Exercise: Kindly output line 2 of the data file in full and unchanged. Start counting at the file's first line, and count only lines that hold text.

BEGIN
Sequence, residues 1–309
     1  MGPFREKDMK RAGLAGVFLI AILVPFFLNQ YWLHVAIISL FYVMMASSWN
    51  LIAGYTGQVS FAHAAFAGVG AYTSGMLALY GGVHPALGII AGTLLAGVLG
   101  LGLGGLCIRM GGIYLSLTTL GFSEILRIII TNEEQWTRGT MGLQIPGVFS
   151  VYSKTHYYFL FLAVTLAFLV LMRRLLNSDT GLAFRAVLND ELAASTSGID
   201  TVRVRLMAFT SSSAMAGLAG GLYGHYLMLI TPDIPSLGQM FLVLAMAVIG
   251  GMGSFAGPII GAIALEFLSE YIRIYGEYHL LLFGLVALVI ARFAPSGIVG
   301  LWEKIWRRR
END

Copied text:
     1  MGPFREKDMK RAGLAGVFLI AILVPFFLNQ YWLHVAIISL FYVMMASSWN